“This book breaks the mold for the ‘management success’ literature. Forget what you’ve read in previous management books. Stop assuming that you have to trade off the interests of employees and customers for those of stockholders. Freeman, Harrison and Wicks show why smart managers succeed by adding value everywhere.”—Tom Donaldson, Mark O. Winkelman Professor, The Wharton School of the University of Pennsylvania
(Tom Donaldson)

"Given the discussions that currently engage the market as to a US shareholder orientation versus a continental stakeholder focus, Freeman et al put forth a simple framework for stakeholder management and give a good argument for how ethical leadership is needed for the more complex times approaching us."—Jeffrey J. Diermeier, President & Chief Executive Officer, CFA Institute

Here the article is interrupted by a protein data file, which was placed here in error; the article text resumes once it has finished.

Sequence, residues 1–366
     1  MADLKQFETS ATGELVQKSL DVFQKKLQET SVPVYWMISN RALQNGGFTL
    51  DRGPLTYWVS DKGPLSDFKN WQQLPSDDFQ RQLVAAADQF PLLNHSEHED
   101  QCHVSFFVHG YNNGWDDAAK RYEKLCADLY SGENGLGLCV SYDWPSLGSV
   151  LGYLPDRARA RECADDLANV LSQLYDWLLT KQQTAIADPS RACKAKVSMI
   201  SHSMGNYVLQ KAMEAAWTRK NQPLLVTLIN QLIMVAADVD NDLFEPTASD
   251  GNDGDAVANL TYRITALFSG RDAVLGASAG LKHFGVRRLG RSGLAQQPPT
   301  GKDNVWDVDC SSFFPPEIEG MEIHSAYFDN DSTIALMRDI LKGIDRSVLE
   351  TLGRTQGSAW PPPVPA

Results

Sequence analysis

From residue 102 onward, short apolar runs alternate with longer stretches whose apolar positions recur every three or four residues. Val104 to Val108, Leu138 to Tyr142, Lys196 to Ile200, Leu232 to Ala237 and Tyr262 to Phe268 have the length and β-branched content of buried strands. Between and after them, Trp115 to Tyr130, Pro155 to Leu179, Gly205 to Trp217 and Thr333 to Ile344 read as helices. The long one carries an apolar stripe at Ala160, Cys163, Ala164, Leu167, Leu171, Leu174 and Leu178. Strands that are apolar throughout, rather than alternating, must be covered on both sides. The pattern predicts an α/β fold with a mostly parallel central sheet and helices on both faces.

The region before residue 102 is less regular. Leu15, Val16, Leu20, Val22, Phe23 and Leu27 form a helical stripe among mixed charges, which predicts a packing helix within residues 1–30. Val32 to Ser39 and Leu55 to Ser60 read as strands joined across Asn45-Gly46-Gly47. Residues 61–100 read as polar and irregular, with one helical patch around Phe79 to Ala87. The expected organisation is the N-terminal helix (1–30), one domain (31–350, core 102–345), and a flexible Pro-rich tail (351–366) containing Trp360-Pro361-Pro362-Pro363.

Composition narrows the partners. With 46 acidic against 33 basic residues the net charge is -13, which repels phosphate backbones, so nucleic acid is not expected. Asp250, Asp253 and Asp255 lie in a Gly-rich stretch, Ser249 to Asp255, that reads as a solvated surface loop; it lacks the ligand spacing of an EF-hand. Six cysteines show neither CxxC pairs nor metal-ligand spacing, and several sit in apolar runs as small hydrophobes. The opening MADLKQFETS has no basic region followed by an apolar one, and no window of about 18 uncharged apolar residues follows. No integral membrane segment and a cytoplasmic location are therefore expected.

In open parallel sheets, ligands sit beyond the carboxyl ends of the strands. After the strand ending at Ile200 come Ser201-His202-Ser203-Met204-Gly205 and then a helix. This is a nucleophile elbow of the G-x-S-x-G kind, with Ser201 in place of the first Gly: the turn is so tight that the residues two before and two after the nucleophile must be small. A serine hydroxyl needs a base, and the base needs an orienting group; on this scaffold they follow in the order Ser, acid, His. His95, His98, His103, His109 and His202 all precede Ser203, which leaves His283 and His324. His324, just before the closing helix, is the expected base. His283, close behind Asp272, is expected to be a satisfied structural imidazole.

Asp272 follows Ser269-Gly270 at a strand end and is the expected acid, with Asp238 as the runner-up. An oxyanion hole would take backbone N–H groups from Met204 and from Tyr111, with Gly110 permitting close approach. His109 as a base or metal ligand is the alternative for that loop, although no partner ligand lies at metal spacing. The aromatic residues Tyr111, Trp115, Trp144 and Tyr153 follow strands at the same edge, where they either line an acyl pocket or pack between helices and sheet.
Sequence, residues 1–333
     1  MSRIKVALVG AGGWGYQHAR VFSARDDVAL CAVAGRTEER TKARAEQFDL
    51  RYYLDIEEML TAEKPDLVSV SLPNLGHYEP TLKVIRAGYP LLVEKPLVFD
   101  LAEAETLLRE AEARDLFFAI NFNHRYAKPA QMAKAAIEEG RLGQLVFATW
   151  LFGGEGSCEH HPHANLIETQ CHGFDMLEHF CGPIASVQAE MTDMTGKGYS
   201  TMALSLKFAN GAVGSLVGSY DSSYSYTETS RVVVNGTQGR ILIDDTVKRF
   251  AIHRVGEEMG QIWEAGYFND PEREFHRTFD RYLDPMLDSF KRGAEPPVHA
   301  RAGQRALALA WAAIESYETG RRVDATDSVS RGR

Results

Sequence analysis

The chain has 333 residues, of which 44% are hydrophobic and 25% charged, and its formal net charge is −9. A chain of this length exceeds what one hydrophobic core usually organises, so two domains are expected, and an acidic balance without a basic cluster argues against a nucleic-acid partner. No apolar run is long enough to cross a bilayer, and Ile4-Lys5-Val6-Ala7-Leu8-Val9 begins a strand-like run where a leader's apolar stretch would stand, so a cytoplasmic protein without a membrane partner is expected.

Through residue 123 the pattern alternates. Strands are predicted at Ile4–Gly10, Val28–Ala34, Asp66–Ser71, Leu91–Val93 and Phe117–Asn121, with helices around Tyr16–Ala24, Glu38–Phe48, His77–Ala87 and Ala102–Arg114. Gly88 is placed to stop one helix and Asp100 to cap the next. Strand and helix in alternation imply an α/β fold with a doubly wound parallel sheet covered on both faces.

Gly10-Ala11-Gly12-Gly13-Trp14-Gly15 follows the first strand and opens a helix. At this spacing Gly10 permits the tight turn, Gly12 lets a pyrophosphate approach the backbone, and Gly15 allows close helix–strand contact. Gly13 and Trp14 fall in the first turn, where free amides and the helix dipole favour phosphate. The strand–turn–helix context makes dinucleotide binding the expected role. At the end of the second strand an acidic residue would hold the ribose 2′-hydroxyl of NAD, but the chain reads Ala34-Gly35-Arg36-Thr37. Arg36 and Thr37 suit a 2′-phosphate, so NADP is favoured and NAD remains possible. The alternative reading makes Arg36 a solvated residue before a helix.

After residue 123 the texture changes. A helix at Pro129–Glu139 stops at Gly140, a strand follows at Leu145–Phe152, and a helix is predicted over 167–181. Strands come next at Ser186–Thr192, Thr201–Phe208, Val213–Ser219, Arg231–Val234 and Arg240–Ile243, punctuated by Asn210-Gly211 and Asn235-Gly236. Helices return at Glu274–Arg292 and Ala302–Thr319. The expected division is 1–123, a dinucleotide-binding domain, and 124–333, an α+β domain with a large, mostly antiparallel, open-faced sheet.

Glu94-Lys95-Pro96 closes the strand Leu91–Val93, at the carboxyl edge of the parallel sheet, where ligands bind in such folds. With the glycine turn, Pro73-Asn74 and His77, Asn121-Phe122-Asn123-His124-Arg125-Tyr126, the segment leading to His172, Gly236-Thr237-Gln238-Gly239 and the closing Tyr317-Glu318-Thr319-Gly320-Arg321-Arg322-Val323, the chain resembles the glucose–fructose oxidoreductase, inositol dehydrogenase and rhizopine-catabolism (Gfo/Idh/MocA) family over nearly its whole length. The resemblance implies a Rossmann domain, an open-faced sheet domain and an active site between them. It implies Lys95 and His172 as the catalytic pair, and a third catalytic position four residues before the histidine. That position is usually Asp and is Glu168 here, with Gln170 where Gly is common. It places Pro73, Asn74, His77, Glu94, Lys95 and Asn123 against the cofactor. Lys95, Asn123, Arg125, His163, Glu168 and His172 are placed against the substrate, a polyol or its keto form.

(Jeffrey J. Diermeier)

“Freeman’s book, and the launch of this series, is an invaluable resource for current and future business leaders. Placing the leading thinking of top academics into the hands of managers will greatly contribute to positively shaping future business practice and the creation of value.”—John J. Castellani, President of Business Roundtable
(John J. Castellani)

About the Author

R. Edward Freeman is Elis and Signe Olsson Professor of Business Administration and director, Olsson Center for Applied Ethics, Darden School of Business, University of Virginia. He is the author or editor of ten books on business ethics, environmental management, and strategic management. He lives in Charlottesville, VA. Jeffrey S. Harrison is W. David Robbins Chair in Strategic Management, University of Richmond. He lives in Richmond. Andrew C. Wicks is associate professor and co-chair, Olsson Center for Applied Ethics, Darden School of Business, University of Virginia. He lives in Charlottesville.